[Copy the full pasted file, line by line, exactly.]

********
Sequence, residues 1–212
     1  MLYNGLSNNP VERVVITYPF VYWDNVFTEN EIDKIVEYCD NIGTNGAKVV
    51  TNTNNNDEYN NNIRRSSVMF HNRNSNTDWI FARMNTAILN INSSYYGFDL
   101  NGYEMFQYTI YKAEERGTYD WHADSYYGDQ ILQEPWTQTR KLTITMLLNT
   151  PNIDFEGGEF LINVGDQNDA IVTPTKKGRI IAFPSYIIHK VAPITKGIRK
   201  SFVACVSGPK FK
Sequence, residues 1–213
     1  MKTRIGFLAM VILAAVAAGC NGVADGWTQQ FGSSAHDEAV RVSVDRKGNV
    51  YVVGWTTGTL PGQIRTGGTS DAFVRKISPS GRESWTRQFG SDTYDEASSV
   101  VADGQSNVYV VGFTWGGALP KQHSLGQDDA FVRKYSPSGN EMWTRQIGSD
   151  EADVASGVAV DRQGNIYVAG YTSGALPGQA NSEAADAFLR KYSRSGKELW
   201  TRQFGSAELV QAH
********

Sequence, residues 1–212
     1  MLYNGLSNNP VERVVITYPF VYWDNVFTEN EIDKIVEYCD NIGTNGAKVV
    51  TNTNNNDEYN NNIRRSSVMF HNRNSNTDWI FARMNTAILN INSSYYGFDL
   101  NGYEMFQYTI YKAEERGTYD WHADSYYGDQ ILQEPWTQTR KLTITMLLNT
   151  PNIDFEGGEF LINVGDQNDA IVTPTKKGRI IAFPSYIIHK VAPITKGIRK
   201  SFVACVSGPK FK
Sequence, residues 1–213
     1  MKTRIGFLAM VILAAVAAGC NGVADGWTQQ FGSSAHDEAV RVSVDRKGNV
    51  YVVGWTTGTL PGQIRTGGTS DAFVRKISPS GRESWTRQFG SDTYDEASSV
   101  VADGQSNVYV VGFTWGGALP KQHSLGQDDA FVRKYSPSGN EMWTRQIGSD
   151  EADVASGVAV DRQGNIYVAG YTSGALPGQA NSEAADAFLR KYSRSGKELW
   201  TRQFGSAELV QAH